The World of Downton Abbey
The World of Downton Abbey: Styles From Formal Dining to the Front
It takes two costume designers, a hair and makeup designer, and two separate locations packed with furiously sewing workers to create the look and style of Downton Abbey's characters. Author Jessica Fellowes reveals the historical, artistic, and practical decisions responsible for the production's accuracy and beauty.
Ladies' Style Costume designer Susanna Buxton prepares no fewer than three evening dresses for each of the ladies, as well as nightgowns, teagowns and other basic wardrobe necessities. She explains, "These three dresses demonstrate the different ways in which we brought the costumes together for the show. Mary's dress was made for her. Edith's was hired — it was previously used in the Merchant-Ivory production of Room With A View — and Sybil's is an original Edwardian summer dress."
Ladies' Style Susanna Buxton describes one of Lady Mary's gowns. "The red dress is made from a turn-of-the-century Spanish evening dress. We sourced beautiful silk chiffon and had it pleated for the front. We built layers for the final effect, with embroidered lace laid over the deep-red satin under-dress"
Ladies' Style Of Sybil's shocking new outfit, Fellowes explains, "no woman of her class, before Poiret's harem look, had ever been seen in trousers." Buxton describes the look's origins: "I found a long strip of original fabric set on gold net, which was so fragile it had started to split, and used that for the top and sleeves. The blue peacock bodice came from Alfie's Antiques market. The beaded belt was found at a vintage fair and the blue silk chiffon used for the trousers came from Shepherd's Bush Market."
Servants Fellowes describes how Edwardian period footmen were a true measure of status, hired for their good looks and height, with the taller footmen earning a higher salary. "The real showpieces of the house were the footmen. Their uniforms would be provided by the house at great expense; when the men were offered the job, they would be told to go to the tailors to be fitted for the livery, trimmed with the family's crested buttons, and the cost would be charged to the family's account."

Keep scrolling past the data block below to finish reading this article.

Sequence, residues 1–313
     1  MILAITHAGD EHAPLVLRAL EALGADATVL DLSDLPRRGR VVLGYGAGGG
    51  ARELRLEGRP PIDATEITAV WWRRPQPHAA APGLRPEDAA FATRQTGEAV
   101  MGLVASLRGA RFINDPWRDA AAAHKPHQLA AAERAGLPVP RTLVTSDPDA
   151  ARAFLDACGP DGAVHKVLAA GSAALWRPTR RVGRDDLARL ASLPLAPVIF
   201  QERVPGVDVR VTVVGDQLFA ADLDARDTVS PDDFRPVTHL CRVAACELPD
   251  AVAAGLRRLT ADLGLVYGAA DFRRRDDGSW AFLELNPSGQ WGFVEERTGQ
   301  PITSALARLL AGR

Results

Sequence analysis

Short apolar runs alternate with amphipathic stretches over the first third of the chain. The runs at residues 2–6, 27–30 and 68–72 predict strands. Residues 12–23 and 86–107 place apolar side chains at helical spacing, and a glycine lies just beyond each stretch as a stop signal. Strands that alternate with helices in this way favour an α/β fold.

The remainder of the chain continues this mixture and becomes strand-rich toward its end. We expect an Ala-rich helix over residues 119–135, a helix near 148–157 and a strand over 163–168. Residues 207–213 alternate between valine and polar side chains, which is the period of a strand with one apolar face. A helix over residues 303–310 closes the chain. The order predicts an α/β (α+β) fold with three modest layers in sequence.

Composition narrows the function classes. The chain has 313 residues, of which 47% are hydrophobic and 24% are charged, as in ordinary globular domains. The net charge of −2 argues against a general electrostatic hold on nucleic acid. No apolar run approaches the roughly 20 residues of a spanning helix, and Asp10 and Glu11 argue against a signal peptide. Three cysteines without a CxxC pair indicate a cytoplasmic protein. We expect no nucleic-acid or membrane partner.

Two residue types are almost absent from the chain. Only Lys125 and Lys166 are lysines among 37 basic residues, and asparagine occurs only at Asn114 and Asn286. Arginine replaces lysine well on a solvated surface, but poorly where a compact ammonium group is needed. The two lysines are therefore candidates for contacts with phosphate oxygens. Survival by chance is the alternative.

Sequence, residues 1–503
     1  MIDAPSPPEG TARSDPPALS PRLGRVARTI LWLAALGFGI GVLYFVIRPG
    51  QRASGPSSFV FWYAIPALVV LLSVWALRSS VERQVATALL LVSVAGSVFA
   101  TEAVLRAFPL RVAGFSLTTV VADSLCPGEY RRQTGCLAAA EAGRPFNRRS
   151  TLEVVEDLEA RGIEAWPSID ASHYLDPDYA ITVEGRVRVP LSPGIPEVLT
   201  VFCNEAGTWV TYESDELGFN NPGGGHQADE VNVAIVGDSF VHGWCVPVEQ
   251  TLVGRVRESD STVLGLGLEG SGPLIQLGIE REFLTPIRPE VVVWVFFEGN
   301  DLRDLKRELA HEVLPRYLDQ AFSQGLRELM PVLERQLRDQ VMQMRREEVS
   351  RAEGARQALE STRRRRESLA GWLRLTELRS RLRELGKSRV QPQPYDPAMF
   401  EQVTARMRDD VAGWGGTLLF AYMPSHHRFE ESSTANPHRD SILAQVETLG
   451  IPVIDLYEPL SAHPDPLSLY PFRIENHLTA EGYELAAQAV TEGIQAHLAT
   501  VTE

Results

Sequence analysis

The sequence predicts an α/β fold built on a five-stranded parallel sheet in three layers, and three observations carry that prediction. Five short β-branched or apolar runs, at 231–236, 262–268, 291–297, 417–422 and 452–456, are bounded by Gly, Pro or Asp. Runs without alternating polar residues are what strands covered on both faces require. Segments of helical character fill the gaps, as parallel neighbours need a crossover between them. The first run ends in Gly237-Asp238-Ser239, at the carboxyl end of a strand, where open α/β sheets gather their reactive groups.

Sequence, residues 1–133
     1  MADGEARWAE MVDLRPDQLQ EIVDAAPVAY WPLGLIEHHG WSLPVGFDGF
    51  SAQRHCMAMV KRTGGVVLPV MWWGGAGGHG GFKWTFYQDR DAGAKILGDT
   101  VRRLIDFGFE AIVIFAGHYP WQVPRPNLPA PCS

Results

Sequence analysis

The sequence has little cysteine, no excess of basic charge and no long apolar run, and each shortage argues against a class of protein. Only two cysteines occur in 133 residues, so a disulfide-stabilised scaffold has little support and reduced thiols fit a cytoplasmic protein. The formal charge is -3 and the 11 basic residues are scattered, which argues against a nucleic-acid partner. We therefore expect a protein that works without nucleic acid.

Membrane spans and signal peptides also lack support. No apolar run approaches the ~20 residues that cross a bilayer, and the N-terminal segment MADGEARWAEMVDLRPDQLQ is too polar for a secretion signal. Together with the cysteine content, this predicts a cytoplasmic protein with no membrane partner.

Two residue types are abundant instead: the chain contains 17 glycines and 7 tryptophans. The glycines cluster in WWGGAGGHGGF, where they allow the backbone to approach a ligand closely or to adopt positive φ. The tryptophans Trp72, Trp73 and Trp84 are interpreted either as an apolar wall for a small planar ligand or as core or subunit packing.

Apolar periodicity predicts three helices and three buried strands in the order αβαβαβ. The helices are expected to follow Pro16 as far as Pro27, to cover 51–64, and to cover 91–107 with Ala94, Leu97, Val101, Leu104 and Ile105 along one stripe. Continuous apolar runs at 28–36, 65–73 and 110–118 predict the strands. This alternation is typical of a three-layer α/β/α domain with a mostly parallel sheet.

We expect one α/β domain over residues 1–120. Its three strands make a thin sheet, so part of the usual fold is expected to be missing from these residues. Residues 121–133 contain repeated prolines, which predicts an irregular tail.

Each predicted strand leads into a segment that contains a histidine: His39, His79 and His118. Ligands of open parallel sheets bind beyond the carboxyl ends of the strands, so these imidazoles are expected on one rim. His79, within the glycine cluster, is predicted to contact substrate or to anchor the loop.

Servants Maids were not so lucky as footmen. "The maids had to make their own uniforms of two dresses: a print dress with a plain apron for cleaning in the morning, changing into a black dress with a more decorative pinny for the afternoons and evenings. This could be expensive: in 1890 the price of the fabric could eat up six months' of a scullery maid's wages. In many houses, a bolt of cloth was given to the maids at Christmas so they had only the work, but not the cost, of the dress."
War Rosalind Ebbutt, costume designer, describes, "Regiments were invented for the series. Lord Grantham is with the North Riding Volunteers and Matthew is with the Duke of Manchester's Own. For each we had drawings done of their crests by the College of Arms and a specialist then made molds of the artwork for their regimental badges. Lord Grantham's mess kit is copied from the one that was worn by an officer in the Indian Guides in 1912. The fabric came from a firm in Yorkshire that specializes in making uniforms."